If we were cynical, we would claim that the hyperventilating in Parliament last week over the Public Sector Transformation Unit's (PSTU) report that the Government spends more than a billion dollars a year on rent was contrived.
What would drive this newspaper into such anger-driven breathing spasms would be to learn that an analysis of how government offices might be consolidated is only now being done.
First, that the Government shells out huge sums each year in rent to house its ministries and departments is old news, about which this newspaper has complained for several years and at one point appeared to have gained the attention of former Prime Minister Bruce Golding.
Mr Golding went to Parliament to disclose what is paid for rent - which we believe to be understated. He ordered that government ministries end their mad rush for accommodation in expensive, uptown real estate, while tens of thousands of square feet of office space in state-owned buildings downtown remained empty. Included in this is thousands of square feet at the Central Sorting Office; the mostly empty multi-storey former Oceana hotel that, admittedly, is in need of repair; the several empty floors in the adjacent Urban Development Corporation building that now requires some upgrade; and the Jamintel high-rise and old Ministry of Housing building which have cost, cumulatively, more than $40 million for security services.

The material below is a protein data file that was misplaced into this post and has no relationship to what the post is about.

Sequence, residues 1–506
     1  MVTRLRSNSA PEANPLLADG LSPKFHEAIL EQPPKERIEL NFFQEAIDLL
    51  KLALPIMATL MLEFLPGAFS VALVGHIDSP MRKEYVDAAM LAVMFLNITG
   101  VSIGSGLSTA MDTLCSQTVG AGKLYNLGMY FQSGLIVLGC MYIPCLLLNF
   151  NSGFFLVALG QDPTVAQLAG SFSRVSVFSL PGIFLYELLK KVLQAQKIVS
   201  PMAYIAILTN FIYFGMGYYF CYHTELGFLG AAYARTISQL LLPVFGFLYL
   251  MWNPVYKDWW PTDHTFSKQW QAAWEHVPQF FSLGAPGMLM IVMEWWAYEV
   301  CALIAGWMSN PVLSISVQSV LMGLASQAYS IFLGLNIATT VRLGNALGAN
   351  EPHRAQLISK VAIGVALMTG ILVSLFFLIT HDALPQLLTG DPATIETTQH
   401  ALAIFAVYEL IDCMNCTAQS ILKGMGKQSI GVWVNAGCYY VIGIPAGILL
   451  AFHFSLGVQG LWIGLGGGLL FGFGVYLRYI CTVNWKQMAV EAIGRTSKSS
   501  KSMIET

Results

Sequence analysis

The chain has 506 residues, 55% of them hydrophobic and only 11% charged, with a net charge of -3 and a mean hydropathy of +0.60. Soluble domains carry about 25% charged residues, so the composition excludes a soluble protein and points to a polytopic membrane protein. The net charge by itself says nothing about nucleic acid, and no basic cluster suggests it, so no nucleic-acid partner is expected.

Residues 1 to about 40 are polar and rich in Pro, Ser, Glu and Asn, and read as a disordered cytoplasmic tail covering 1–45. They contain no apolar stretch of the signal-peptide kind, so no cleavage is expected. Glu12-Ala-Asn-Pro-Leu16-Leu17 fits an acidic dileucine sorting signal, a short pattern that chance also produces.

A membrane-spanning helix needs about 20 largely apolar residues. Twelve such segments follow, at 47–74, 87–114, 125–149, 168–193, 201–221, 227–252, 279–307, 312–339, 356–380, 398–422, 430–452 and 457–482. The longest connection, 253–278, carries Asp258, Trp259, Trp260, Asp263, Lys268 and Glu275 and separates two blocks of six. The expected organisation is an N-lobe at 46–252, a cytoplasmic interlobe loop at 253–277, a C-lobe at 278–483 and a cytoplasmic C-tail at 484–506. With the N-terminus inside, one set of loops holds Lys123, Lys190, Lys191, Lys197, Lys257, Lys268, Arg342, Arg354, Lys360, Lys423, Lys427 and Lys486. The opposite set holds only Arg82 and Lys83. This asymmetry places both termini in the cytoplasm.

Mr Golding's order for ministries to stay downtown, both to save money and help encourage renewal in the old section of the capital, did kick-start a real programme of refurbishing and having Government head downtown. It certainly didn't stop Karl Samuda's then industry and commerce ministry, and one of its agencies, the Factories Corporation of Jamaica, with great, windy explanations, from bolting for New Kingston.
Mr Samuda was not alone. They followed a route well established by government agencies, such as the Planning Institute of Jamaica (PIOJ), which outbid the private sector for the Oxford Road building that once housed the US consular offices. There was, too, the Export-Import Bank, the PIOJ's neighbour across the road.
It matters little that the money used by the PIOJ for the purchase was money it "earned", rather than a grant from the Treasury. The cash, ultimately, belonged to taxpayers.
Defying basic economics
Indeed, the rental policy, if that is what it represents, rather than whim, seems to defy basic economics, employing simple arithmetic. For instance, the PSTU's boss, Patricia Sinclair McCalla, reported to the Public Administration and Appropriations Committee that the national security ministry spends J$222 million a year on rent.
Most of that, we believe, goes for rent in the NCB Towers in New Kingston, at which rate the owners would, in less than half a decade, recoup their announced purchase price for the property when it was among the distressed banking assets flagged by the Government's bailout agency, FINSAC.
It is probably true that Jamaica's Government is afraid to get on with the overhaul and modernisation of the public sector, given the dislocation and retrenchment that it will necessarily entail.
But the PSTU has a responsibility to place before the Government the information and the options on which to base decisions, including efficiency in property management. That is why we would be surprised if information on consolidating offices and saving on rent is not yet prepared and on the table.
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